May 18, 2013
Under the boot of a defamation campaign
Last Sunday’s edition of the newspaper Perfil carried a four-page account of the kidnapping and brief disappearance of a young journalist during the military dictatorship. Reading it I remembered a vivid sentence from Orwell’s 1984: “If you want a picture of the future, imagine a boot stamping on a human face.”
The specific human face that was being stamped on was that of Jorge Alberto Fontevecchia, a 23-year-old journalist who was the founder and editor of a struggling magazine called La Semana.
When I heard that Fontevecchia had been taken away I was not surprised, but I was alarmed. Scores of journalists had been taken for a ride in the sinister Ford Falcons used by the death squads, never to return. I had been lucky up to then.
I didn’t know Fontevecchia personally, but I had been keeping an eye on La Semana, a relatively new magazine, because it was different. I used to purchase the magazine from a newsstand near my home because it was a glimmer of light in the darkness of the dictatorship. It was a relief from the military boot stamping on my face.
Young Fontevecchia’s magazine was still publishing news, photographs and interviews with entertainers I admired who were on the military’s black list. I remember reading about Mercedes Sosa, Nacha Guevara and other artists who were in exile. I knew they were banned, so I wondered how Fontevecchia got away with it. But intuition and past experience told me that the reason that he had been chupado (sucked up into the vacuum of military’s torture and murder machine) was because he challenged the rigid self-censorship practised by most of the media.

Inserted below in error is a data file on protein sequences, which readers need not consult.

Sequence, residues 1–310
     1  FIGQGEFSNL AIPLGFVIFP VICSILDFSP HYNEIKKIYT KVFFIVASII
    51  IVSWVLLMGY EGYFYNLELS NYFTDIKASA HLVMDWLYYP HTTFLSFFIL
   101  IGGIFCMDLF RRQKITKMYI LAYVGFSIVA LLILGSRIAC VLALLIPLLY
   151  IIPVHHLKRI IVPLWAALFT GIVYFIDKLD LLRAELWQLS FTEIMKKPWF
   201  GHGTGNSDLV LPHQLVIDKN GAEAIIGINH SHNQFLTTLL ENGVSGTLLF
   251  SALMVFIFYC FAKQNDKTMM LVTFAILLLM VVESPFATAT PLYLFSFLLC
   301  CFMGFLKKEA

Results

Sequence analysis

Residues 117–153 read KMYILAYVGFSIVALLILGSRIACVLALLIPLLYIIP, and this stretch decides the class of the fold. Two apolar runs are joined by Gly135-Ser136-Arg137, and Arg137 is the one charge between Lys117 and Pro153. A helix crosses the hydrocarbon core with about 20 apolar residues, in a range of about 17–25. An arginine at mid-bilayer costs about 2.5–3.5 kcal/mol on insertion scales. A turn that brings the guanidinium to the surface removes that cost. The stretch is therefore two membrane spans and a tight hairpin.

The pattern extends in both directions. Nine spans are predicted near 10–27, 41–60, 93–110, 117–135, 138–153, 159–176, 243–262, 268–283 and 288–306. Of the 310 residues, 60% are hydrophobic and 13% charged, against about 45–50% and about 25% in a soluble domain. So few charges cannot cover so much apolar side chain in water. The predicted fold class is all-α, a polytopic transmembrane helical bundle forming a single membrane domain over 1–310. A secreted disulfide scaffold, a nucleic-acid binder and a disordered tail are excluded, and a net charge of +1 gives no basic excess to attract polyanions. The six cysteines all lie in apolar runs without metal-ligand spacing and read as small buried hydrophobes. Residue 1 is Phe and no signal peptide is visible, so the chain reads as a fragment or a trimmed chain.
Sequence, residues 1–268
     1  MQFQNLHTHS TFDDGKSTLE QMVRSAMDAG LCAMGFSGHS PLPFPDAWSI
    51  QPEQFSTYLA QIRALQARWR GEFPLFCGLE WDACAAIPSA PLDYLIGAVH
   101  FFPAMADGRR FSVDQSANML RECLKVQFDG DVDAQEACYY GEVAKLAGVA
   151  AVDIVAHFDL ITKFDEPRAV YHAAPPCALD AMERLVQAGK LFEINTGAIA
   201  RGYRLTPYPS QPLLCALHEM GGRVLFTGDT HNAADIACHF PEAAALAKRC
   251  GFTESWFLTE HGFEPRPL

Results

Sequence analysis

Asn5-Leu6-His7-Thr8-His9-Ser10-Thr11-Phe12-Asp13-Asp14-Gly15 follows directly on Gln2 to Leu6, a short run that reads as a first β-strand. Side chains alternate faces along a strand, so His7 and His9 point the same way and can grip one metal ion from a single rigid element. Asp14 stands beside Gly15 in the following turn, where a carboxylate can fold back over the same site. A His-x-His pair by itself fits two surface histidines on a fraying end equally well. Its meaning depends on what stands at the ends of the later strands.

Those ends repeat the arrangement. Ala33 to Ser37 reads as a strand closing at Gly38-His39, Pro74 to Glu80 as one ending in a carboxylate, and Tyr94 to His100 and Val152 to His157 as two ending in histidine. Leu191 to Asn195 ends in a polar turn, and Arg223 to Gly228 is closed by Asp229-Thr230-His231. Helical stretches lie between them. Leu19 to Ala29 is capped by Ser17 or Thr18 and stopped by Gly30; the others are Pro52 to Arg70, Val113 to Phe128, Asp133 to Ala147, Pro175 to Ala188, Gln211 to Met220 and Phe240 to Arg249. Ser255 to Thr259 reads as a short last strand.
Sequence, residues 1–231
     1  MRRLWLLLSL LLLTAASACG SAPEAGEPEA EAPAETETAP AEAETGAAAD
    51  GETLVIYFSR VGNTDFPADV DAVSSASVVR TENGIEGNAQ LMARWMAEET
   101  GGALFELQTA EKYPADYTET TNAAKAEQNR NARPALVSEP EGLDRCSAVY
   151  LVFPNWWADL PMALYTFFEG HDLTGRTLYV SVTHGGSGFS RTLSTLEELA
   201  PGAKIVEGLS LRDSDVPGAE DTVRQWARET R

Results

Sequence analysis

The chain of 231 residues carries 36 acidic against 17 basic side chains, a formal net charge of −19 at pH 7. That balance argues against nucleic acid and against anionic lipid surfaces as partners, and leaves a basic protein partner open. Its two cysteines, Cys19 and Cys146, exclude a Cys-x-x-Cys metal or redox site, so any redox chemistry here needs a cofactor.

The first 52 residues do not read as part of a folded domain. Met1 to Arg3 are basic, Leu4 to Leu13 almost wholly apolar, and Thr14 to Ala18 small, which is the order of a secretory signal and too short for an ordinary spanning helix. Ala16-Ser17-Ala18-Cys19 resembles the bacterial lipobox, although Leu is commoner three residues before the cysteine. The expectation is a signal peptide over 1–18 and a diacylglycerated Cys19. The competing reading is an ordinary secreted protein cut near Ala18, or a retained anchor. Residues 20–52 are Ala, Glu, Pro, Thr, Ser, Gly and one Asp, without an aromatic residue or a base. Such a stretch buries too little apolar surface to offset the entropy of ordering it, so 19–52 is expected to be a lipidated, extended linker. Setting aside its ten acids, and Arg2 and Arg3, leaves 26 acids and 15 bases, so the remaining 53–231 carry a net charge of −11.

When he went missing, the Herald swung into action as usual to try and save another desaparecido from vanishing into the black hole of the clandestine and not-so-clandestine prisons. (The vile ESMA torture centre and way station to death from an injection of pentothal and ejection from a military transport plane into the ocean was as visible then at Avenida Libertador 8151 as it is now.)
Although we did not know it then, by January 1979 most of the thousands of people who had been seized from their homes and taken away in windowless vans or Ford Falcons had been murdered. But, with the murder hunt winding down, the media were beginning to report what they studiously ignored before.